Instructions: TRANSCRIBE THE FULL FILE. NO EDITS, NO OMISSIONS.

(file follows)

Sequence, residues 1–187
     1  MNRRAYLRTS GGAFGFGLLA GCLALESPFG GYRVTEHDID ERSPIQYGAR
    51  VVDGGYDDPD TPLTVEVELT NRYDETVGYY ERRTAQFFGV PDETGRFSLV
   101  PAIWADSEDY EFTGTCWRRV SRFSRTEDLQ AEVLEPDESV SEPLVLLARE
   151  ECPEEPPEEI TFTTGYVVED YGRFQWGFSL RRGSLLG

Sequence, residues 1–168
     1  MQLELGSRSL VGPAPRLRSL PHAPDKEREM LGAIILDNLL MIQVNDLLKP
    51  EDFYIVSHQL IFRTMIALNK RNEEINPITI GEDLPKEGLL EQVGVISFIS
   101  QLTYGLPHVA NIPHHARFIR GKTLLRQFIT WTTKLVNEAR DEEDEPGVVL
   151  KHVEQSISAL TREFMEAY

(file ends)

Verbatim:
Sequence, residues 1–187
     1  MNRRAYLRTS GGAFGFGLLA GCLALESPFG GYRVTEHDID ERSPIQYGAR
    51  VVDGGYDDPD TPLTVEVELT NRYDETVGYY ERRTAQFFGV PDETGRFSLV
   101  PAIWADSEDY EFTGTCWRRV SRFSRTEDLQ AEVLEPDESV SEPLVLLARE
   151  ECPEEPPEEI TFTTGYVVED YGRFQWGFSL RRGSLLG

Sequence, residues 1–168
     1  MQLELGSRSL VGPAPRLRSL PHAPDKEREM LGAIILDNLL MIQVNDLLKP
    51  EDFYIVSHQL IFRTMIALNK RNEEINPITI GEDLPKEGLL EQVGVISFIS
   101  QLTYGLPHVA NIPHHARFIR GKTLLRQFIT WTTKLVNEAR DEEDEPGVVL
   151  KHVEQSISAL TREFMEAY